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NFL Ratings Beat New Network Shows

Originally published on October 31, 2011 11:31 am
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MICHELE NORRIS, HOST:

This is ALL THINGS CONSIDERED from NPR News. I'm Michele Norris.

MELISSA BLOCK, HOST:

And I'm Melissa Block.

The biggest thing on TV is the NFL. Of the 15 most watched broadcasts this fall, 13 were football games. NPR's Sami Yenigun explains how the league has jumped to the top of the TV ratings pile.

SAMI YENIGUN, BYLINE: "American Idol" is a ratings juggernaut. This year, its debut brought 26 million people to their TV screens. But the NFL is bigger. A week before, the Jets and Patriots playoff game brought more than twice that number.

(SOUNDBITE OF FOOTBALL GAME)

YENIGUN: Right now, the networks are pushing their shiny, new fall series. The most watched drama, "Once Upon A Time," got almost 13 million viewers.

(SOUNDBITE OF SHOW, "ONCE UPON A TIME")

YENIGUN: But 11 million more people watched the Packers and Vikings that same day.

(SOUNDBITE OF FOOTBALL GAME)

YENIGUN: That was the day Matthew Corator was watching the games at Buffalo Billiards in Washington, D.C. It's a sprawling bar teeming with buzzed football fans in their NFL jerseys. His team, the Buffalo Bills, had the day off, but he was still glued to the screen.

MATTHEW CORATOR: Well, I basically watch the 1 o'clock games, and I watch some of the 4 o'clock games - and then watch Sunday night, too.

YENIGUN: That's roughly 10 hours of pigskin, not including the pregame shows or the postgame highlights. This year, the NFL is averaging about 18 million viewers a game. And their success has to do with the fact that they have a lot of fingers in a lot of pies.

TOR MYHREN: Within their business, they have dot-com, which is separate than their NFL shop, which is separate than their fantasy league and their women's apparel.

YENIGUN: All of those subsidiaries generate more interest in watching games on television, says Tor Myhren. He runs Grey New York, the NFL's advertising agency, and says that in recent years, the NFL has made it a point to reach out to new audiences.

MYHREN: What we've all realized is that women are incredibly interested in this sport, and they really haven't been spoken to much in the past. And so we've made a real large effort over the last couple years.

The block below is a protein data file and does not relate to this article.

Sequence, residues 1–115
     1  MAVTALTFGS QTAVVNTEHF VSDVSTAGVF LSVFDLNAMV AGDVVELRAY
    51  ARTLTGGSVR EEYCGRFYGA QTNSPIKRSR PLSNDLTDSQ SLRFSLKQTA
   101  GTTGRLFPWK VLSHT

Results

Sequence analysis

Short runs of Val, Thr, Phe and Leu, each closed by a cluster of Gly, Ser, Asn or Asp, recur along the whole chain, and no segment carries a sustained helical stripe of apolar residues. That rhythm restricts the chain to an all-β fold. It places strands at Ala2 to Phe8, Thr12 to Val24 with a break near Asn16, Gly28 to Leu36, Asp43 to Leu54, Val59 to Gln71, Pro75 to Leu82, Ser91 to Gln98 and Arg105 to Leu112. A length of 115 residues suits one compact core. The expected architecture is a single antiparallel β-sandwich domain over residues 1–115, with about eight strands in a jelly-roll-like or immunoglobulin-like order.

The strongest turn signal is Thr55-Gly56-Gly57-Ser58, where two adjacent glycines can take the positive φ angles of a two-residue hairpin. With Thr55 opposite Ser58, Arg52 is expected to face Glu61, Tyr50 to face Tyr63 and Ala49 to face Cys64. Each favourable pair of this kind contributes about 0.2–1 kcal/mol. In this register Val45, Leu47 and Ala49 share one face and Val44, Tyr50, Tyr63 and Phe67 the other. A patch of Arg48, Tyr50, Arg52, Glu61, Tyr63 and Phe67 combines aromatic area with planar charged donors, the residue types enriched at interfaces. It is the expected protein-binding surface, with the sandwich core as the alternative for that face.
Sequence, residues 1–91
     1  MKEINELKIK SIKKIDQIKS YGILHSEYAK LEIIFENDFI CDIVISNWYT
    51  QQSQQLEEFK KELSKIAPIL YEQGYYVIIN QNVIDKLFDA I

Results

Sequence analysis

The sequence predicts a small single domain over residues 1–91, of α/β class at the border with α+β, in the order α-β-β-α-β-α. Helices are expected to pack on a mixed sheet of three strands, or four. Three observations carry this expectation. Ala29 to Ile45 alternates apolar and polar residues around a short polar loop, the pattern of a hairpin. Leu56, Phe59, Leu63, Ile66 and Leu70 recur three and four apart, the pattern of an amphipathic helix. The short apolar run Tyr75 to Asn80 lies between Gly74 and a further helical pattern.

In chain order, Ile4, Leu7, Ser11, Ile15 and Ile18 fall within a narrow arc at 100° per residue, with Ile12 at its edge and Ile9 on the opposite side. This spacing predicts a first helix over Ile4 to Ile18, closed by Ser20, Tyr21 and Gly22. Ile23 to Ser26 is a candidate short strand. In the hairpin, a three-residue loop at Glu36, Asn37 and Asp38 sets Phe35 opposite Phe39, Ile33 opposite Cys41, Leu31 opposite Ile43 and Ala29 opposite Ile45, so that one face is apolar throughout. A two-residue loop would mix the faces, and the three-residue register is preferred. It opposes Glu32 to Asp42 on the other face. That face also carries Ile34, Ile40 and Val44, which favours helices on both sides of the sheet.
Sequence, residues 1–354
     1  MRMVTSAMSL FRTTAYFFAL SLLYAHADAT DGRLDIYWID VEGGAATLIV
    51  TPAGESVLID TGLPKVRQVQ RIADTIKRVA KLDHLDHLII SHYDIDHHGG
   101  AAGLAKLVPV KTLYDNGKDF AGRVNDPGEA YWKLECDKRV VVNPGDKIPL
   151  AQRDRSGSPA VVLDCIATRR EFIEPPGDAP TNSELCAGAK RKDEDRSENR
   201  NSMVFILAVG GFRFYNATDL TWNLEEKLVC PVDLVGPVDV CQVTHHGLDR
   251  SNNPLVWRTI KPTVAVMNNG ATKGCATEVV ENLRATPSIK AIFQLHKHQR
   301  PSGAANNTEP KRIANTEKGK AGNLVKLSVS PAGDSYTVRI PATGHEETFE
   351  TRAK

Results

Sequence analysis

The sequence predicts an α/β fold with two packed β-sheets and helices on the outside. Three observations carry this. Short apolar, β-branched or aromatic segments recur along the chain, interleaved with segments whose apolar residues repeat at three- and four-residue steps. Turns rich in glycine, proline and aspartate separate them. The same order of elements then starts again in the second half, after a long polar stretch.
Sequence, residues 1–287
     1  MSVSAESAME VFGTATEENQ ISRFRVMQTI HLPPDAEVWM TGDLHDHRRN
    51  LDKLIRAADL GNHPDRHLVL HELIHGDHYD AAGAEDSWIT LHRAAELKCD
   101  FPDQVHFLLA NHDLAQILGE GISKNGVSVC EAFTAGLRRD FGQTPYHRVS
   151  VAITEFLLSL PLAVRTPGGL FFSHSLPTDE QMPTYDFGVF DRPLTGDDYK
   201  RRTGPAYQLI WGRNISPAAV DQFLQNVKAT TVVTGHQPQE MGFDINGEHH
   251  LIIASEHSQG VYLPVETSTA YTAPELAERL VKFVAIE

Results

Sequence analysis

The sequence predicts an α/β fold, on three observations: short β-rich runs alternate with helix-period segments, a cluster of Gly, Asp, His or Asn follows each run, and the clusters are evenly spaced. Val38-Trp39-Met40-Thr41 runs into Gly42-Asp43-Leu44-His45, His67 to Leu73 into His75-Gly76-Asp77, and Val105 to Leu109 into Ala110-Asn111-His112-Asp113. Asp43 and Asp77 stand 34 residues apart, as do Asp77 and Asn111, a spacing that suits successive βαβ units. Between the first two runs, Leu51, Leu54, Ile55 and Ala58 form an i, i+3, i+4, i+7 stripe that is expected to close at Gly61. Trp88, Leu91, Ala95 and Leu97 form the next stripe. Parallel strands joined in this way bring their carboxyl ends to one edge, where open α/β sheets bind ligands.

YENIGUN: Which means, ladies, there are now NFL ads in your issues of Vogue and Seventeen. The NFL has also scored points with Latinos. Check this out: More Hispanics watched last year's Super Bowl than the last World Cup final. One big reason everyone's watching is because the games look better than ever on TV, says Michael Oriard. He's a former player with the Kansas City Chiefs and author of the book "Brand NFL."

MICHAEL ORIARD: Watching it at home is so extraordinary - you know, with the slow-motion, instant replays with all these camera angles.

YENIGUN: Angles that zoom you in to bone-crunching hits and fingertip grabs, which look even better on HDTVs. By now, over half of all households have an HDTV. That's not the only new technology that's helping the NFL's cause. Almost half of all Americans with a TV own a DVR player. That worries networks because they lose business when their viewers fast-forward through commercials. But NFL watchers aren't fast-forwarding through anything because they're tuning in live, says the NFL's chief marketing officer, Mark Waller.

MARK WALLER: You need to know what's happening when it happens. It doesn't have the same meaning to you if you're finding out about it a day later.

YENIGUN: This year, the NFL's biggest commercial event, Super Bowl LX, drew 111 million viewers to the most visible show in the country's history. [POST-BROADCAST CORRECTION: The most recent game was Super Bowl XLV (45), not LX (60.]

Sami Yenigun, NPR News. Transcript provided by NPR, Copyright NPR.